The difference between the almost right word and the right word is really a large matter — it’s the difference between the lightning bug and the lightning. — Mark Twain
I was reminded of this quote this evening as I started to read Roger Rosenblatt’s Unless It Moves the Human Heart: The Craft and Art of Writing. (This is the inscription inside the cover page.)
Twain’s comment is perfect, both in form and in meaning. He doesn’t catch the lightning bug, he captures the lighting. And he uses every right word to write that sentence, proving his point.
Writing is about the right word. Sometimes you want the lightening. Suspense. A chasm that opens into the black night, illuminating the angry clouds. The loud crack, the flash of light, the smell of the air burning. Other times, you want the lightening bug. Magical. Smile-inducing. Flitting here and there, with no direction or care. Its little green belly writing summertime across the lawns.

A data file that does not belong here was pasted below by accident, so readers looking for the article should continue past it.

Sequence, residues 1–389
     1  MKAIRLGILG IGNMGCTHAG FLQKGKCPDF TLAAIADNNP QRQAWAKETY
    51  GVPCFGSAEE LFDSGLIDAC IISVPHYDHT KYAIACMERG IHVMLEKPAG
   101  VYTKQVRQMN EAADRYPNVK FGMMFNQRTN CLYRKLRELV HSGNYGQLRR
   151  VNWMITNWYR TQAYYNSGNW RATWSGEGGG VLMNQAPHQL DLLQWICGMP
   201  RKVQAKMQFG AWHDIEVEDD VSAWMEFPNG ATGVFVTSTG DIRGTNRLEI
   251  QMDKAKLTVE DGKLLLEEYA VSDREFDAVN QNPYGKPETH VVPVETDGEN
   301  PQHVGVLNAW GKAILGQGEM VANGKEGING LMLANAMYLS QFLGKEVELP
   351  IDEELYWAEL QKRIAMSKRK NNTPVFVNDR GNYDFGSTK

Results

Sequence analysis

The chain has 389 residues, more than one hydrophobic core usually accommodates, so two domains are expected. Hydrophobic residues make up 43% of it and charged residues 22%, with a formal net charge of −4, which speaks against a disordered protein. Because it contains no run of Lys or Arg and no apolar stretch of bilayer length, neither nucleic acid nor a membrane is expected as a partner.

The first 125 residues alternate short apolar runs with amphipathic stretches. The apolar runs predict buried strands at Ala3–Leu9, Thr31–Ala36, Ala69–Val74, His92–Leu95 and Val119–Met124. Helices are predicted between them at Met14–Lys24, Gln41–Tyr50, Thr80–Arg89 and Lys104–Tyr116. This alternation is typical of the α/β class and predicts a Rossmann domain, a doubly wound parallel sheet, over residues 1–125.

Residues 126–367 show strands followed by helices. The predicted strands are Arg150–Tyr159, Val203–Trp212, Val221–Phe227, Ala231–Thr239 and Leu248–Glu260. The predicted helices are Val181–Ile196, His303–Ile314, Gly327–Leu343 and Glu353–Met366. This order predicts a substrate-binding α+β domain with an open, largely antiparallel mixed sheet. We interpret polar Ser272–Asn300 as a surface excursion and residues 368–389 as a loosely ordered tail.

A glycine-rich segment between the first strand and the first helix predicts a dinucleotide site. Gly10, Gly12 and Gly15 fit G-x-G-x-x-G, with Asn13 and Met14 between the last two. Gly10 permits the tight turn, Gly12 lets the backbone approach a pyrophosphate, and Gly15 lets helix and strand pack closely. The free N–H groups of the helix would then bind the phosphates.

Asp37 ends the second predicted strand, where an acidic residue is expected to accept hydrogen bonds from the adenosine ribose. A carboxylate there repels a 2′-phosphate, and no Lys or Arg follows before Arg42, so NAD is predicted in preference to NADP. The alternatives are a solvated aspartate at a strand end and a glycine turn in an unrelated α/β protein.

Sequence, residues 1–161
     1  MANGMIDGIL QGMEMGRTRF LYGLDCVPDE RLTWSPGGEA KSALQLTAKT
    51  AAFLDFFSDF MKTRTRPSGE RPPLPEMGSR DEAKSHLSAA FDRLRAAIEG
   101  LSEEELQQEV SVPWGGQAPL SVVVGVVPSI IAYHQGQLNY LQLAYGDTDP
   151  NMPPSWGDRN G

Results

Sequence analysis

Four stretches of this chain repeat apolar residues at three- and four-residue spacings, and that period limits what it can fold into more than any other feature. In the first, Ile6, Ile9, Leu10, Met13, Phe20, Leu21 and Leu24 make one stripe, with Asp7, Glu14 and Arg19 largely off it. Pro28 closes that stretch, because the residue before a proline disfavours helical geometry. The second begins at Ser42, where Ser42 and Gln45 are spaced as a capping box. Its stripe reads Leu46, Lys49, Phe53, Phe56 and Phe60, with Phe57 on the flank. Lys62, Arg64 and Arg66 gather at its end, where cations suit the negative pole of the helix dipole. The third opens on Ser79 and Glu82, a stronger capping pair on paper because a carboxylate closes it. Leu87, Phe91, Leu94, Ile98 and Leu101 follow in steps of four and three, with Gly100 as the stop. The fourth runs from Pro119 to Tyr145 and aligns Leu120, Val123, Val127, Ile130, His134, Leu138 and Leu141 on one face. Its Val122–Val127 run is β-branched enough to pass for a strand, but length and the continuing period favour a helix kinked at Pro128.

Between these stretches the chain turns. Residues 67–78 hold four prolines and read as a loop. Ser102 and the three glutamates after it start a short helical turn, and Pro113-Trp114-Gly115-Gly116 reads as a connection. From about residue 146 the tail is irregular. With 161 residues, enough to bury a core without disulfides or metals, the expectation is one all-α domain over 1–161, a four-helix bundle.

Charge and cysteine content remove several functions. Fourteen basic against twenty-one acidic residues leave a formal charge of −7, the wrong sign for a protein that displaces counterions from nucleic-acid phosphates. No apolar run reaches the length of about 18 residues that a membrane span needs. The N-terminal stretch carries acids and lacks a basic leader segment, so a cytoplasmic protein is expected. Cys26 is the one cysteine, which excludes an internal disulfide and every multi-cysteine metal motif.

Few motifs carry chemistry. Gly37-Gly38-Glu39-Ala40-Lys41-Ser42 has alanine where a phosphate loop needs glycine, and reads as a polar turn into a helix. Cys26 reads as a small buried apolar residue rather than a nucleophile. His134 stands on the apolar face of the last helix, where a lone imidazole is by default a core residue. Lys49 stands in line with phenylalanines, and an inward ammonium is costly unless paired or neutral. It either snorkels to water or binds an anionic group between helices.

“We must learn to imagine what we already know.” — Percy Bysshe Shelley
The right word depends on the circumstance. You know it when you’ve written it, the one that you have imagined. The one that tells everything that you know. The one that is absolutely perfect.